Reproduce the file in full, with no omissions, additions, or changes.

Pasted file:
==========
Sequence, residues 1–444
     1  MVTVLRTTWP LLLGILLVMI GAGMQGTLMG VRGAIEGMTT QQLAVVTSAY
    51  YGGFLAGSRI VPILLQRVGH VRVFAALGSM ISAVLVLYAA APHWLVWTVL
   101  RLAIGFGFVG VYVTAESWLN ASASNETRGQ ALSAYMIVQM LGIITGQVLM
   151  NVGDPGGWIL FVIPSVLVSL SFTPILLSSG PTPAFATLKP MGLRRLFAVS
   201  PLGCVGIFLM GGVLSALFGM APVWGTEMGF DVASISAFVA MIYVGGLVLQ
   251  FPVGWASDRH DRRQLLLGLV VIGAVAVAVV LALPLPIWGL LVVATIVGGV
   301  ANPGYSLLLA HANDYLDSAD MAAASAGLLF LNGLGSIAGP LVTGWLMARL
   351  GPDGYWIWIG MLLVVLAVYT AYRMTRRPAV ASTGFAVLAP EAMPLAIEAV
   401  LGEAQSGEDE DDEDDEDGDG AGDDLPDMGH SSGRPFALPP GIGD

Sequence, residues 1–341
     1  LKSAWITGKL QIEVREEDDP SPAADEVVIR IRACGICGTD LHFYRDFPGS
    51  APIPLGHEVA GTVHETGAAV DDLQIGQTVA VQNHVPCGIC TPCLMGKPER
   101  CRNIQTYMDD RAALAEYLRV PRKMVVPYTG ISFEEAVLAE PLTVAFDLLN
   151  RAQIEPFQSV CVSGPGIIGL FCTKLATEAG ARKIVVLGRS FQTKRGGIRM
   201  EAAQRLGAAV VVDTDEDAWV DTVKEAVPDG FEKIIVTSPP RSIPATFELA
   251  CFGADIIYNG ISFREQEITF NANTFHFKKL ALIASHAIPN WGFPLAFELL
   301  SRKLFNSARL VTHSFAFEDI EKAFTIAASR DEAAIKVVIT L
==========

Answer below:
Sequence, residues 1–444
     1  MVTVLRTTWP LLLGILLVMI GAGMQGTLMG VRGAIEGMTT QQLAVVTSAY
    51  YGGFLAGSRI VPILLQRVGH VRVFAALGSM ISAVLVLYAA APHWLVWTVL
   101  RLAIGFGFVG VYVTAESWLN ASASNETRGQ ALSAYMIVQM LGIITGQVLM
   151  NVGDPGGWIL FVIPSVLVSL SFTPILLSSG PTPAFATLKP MGLRRLFAVS
   201  PLGCVGIFLM GGVLSALFGM APVWGTEMGF DVASISAFVA MIYVGGLVLQ
   251  FPVGWASDRH DRRQLLLGLV VIGAVAVAVV LALPLPIWGL LVVATIVGGV
   301  ANPGYSLLLA HANDYLDSAD MAAASAGLLF LNGLGSIAGP LVTGWLMARL
   351  GPDGYWIWIG MLLVVLAVYT AYRMTRRPAV ASTGFAVLAP EAMPLAIEAV
   401  LGEAQSGEDE DDEDDEDGDG AGDDLPDMGH SSGRPFALPP GIGD

Sequence, residues 1–341
     1  LKSAWITGKL QIEVREEDDP SPAADEVVIR IRACGICGTD LHFYRDFPGS
    51  APIPLGHEVA GTVHETGAAV DDLQIGQTVA VQNHVPCGIC TPCLMGKPER
   101  CRNIQTYMDD RAALAEYLRV PRKMVVPYTG ISFEEAVLAE PLTVAFDLLN
   151  RAQIEPFQSV CVSGPGIIGL FCTKLATEAG ARKIVVLGRS FQTKRGGIRM
   201  EAAQRLGAAV VVDTDEDAWV DTVKEAVPDG FEKIIVTSPP RSIPATFELA
   251  CFGADIIYNG ISFREQEITF NANTFHFKKL ALIASHAIPN WGFPLAFELL
   301  SRKLFNSARL VTHSFAFEDI EKAFTIAASR DEAAIKVVIT L